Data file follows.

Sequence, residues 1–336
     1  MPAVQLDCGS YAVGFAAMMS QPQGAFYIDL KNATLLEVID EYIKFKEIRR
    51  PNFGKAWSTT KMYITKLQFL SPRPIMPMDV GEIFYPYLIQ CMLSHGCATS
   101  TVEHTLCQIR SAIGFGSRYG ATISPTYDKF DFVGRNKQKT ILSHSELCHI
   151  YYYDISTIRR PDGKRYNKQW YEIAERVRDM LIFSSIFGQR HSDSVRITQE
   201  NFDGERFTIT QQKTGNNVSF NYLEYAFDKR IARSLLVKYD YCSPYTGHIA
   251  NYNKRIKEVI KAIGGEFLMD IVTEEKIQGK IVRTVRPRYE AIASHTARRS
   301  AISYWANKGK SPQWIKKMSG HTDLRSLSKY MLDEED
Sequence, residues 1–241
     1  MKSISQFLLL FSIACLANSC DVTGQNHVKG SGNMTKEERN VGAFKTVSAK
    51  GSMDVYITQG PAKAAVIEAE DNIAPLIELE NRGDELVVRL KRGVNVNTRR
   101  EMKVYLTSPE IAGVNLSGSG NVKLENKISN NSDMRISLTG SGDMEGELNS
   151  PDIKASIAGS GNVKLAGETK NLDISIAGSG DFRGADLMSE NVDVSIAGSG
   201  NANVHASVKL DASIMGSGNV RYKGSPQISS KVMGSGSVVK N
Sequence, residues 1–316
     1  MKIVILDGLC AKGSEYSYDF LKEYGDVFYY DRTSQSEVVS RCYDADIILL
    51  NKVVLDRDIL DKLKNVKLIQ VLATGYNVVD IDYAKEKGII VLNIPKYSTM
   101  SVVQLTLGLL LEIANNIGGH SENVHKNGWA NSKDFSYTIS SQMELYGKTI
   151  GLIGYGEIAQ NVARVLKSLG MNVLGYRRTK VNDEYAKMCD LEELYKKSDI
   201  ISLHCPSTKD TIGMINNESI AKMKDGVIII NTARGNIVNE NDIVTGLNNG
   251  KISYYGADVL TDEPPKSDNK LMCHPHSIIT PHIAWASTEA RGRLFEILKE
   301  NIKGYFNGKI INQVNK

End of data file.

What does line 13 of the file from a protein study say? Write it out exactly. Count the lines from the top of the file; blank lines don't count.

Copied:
   151  PDIKASIAGS GNVKLAGETK NLDISIAGSG DFRGADLMSE NVDVSIAGSG